Didier Pironi claimed an unlikely pole position for Ferrari, dedicating his performance to fallen foe Villeneuve, after Ferrari had developed a new suspension system for him. He was joined by Alain Prost on the front row, with René Arnoux claiming third ahead of Piquet, whom had failed to qualify in Detroit. Worryingly for Prost, however, was the fact that Pironi was over a second faster than him in quali-trim, as the turbocharged cars dominated the front of the grid.
Paletti, meanwhile, qualified for only the second time in his career (having been forced to sit out the Detroit Grand Prix after his car had been given to Jean-Pierre Jarier), while Manfred Winkelhock returned to form by failing to qualify. He was joined by Emilio de Villota and Chico Serra.
The grid for the 1982 Canadian Grand Prix is shown below:
|10||Andrea de Cesaris|
|Elio de Angelis||______________|
There were, unusually for 1982, no pre-race withdrawals or breaking news stories that may effect the start of the race, which was set to be dry for its entirety.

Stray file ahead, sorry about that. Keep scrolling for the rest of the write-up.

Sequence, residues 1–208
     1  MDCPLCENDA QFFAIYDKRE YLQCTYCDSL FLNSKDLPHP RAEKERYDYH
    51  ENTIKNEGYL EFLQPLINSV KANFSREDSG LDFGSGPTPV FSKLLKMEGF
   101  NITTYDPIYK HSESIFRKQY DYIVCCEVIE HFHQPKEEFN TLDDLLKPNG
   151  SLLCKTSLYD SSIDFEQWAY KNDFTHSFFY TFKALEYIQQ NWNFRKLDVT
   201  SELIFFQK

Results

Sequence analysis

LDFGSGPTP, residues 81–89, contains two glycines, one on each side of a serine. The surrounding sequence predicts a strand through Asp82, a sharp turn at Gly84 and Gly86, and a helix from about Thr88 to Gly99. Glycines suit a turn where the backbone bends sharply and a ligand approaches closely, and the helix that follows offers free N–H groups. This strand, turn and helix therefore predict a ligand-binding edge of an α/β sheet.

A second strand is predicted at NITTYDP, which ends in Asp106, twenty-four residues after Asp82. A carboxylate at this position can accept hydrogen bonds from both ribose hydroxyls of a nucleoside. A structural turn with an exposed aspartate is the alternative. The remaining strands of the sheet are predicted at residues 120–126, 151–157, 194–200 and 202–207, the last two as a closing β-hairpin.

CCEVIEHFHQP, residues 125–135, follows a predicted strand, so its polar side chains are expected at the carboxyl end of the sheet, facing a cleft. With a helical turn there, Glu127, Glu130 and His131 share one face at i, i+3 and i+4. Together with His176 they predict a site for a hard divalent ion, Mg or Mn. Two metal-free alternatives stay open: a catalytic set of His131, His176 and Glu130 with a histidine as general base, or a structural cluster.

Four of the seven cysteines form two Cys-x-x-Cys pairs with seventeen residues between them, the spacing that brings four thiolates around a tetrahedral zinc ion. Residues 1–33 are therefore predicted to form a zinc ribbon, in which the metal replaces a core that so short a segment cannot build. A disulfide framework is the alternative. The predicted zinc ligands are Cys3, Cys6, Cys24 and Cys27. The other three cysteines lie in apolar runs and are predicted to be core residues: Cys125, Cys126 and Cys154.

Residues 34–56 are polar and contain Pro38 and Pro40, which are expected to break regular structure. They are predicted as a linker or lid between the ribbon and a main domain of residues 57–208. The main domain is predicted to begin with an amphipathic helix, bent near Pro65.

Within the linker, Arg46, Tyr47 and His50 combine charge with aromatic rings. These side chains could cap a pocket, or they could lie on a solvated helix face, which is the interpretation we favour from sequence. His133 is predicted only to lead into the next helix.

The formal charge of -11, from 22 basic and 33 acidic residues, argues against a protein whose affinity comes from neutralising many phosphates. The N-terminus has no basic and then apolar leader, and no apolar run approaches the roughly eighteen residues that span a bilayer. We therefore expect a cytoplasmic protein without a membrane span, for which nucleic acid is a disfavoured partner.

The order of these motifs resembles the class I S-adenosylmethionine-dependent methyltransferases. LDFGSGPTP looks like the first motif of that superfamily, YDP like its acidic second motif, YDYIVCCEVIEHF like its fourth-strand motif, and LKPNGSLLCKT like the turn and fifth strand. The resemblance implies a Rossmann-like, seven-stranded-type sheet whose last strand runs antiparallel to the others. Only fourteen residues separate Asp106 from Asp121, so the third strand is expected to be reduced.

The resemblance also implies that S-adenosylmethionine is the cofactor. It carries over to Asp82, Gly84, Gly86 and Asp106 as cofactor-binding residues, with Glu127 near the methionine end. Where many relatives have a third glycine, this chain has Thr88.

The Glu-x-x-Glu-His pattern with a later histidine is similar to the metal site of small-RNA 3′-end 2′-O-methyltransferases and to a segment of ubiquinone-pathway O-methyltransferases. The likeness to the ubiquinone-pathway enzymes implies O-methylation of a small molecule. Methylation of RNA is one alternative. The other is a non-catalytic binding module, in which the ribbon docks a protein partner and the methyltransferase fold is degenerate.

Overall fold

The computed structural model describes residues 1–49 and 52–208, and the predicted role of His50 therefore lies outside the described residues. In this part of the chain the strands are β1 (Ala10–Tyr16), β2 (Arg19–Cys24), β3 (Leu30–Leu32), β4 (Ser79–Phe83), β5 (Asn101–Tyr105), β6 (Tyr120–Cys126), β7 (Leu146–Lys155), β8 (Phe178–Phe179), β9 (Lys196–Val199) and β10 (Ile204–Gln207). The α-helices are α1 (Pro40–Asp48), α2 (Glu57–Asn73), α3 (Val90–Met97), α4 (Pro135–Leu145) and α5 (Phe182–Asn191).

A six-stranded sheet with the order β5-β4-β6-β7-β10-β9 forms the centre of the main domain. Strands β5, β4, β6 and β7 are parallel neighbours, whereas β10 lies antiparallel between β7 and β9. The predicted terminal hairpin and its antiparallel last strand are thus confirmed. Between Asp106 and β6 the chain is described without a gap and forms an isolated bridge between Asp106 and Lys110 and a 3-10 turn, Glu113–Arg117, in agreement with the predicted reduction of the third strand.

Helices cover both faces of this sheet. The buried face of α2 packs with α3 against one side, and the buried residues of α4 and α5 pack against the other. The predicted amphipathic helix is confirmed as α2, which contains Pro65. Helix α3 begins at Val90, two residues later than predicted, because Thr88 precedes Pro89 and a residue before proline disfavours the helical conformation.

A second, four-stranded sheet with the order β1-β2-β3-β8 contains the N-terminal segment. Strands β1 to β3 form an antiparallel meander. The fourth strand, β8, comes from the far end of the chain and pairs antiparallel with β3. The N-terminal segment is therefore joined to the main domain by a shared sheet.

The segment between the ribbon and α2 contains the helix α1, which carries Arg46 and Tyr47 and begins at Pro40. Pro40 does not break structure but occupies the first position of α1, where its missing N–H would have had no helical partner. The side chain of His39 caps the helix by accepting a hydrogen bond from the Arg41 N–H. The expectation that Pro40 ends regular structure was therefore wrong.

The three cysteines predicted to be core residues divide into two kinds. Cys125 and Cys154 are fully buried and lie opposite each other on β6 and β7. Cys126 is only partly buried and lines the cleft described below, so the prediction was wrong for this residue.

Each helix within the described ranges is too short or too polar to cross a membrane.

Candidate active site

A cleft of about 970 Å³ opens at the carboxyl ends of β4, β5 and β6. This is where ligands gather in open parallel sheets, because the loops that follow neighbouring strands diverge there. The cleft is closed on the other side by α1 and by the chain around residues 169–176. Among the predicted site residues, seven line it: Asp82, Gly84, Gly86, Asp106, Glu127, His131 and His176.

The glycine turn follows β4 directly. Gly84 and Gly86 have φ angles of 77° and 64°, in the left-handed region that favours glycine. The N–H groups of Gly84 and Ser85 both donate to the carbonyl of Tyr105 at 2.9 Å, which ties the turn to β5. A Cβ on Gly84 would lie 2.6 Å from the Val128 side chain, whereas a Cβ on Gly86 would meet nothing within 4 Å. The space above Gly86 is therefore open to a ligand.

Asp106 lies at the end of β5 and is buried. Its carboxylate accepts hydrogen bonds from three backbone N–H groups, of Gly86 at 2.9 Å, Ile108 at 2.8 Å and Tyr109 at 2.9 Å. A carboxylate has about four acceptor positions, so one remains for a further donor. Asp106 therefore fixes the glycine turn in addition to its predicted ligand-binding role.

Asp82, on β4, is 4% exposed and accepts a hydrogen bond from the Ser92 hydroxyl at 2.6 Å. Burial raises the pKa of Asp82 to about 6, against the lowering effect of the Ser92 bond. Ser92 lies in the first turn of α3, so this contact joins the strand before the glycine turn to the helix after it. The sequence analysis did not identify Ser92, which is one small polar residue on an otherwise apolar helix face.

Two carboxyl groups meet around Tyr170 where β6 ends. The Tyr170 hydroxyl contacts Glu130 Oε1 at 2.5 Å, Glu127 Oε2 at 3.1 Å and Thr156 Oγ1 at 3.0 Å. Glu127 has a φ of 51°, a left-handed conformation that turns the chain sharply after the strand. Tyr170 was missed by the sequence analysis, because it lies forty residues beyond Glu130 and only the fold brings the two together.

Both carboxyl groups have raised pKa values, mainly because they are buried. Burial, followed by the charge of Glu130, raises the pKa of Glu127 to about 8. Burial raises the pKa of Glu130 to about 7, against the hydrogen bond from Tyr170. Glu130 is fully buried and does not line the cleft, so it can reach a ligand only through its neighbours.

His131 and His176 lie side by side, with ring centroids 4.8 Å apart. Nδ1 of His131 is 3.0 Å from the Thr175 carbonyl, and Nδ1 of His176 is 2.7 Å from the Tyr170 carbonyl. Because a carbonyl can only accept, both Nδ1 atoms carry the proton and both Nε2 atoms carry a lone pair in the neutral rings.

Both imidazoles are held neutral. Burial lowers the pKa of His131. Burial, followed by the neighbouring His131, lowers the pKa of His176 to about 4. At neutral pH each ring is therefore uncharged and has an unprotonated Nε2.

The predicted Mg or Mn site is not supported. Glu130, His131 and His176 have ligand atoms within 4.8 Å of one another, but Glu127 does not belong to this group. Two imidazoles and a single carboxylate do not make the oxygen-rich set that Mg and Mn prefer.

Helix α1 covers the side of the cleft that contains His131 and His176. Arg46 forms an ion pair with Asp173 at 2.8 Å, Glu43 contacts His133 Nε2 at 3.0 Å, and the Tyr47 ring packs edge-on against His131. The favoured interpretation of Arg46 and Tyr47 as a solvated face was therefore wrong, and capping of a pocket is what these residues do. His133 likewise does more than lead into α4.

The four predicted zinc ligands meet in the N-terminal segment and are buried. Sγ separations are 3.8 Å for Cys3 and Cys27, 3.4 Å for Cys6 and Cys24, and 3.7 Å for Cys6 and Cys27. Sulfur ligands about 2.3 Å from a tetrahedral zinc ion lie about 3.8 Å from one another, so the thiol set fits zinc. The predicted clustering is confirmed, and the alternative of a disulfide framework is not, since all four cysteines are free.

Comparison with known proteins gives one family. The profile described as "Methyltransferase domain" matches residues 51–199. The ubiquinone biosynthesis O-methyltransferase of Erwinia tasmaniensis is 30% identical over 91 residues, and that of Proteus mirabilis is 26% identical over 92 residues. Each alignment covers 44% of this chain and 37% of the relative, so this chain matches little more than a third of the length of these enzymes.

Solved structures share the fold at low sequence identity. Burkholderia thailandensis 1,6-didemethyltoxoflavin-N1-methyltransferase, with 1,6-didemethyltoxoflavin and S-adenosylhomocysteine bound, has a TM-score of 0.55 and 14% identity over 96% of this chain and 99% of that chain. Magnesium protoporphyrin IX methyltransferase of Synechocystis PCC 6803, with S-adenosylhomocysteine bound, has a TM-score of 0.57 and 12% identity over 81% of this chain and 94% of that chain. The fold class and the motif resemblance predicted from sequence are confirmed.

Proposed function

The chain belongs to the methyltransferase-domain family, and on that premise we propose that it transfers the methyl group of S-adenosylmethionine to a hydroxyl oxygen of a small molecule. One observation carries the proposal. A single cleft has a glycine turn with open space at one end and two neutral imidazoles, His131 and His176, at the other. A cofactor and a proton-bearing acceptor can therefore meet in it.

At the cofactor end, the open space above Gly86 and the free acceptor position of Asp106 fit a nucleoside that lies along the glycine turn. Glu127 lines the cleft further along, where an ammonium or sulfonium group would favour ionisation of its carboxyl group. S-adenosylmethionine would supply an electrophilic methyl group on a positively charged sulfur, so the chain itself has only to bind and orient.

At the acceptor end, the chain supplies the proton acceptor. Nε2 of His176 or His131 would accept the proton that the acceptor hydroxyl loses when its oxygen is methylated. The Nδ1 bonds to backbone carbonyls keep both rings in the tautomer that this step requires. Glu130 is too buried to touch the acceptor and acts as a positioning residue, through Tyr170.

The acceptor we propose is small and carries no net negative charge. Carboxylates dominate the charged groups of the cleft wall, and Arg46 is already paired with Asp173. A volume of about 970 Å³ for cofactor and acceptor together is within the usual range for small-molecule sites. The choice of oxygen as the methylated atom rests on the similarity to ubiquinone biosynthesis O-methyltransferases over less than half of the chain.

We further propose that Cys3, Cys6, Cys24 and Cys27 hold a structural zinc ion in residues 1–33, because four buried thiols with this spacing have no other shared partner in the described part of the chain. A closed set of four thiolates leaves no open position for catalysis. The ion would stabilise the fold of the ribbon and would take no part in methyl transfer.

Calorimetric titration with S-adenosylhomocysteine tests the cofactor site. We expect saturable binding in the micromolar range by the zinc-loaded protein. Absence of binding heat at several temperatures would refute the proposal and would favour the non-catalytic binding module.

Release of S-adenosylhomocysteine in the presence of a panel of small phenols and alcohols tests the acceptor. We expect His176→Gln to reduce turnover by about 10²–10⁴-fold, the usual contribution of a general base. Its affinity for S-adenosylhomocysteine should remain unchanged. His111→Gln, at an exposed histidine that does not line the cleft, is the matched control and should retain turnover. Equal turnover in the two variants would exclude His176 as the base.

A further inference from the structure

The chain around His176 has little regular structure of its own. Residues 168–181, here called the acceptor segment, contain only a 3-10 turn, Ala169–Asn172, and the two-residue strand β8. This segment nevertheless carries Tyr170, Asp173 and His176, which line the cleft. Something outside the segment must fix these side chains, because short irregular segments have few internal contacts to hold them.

The worst part of the race would be the start, as Pironi stalled his Ferrari, with cars darting around him as the lights went green. The earliest arrivals managed to get by without issue, but Raul Boesel, unsighted slightly, clipped the Ferrari, pushing it into the path of Riccardo Paletti, who slammed into the Frencham at almost 100 kmh. Pironi's car was sent into the Theodore of Lees, while the Osella wrapped itself around Paletti, leaving him trapped. The race was stopped immediately, with Pironi sprinting across to help his fellow racer, with Sid Watkins (the famed F1 doctor) working to get the Italian free. A thirty minute struggle to get Paletti out of the car followed (including a brief fire), although within two hours of the Italian leaving the circuit, news arrived of his death in hospital arrived in the paddock. Osella opted to withdraw Jean-Pierre Jarier's car, while Pironi and Boesel climbed into their spares for the restart.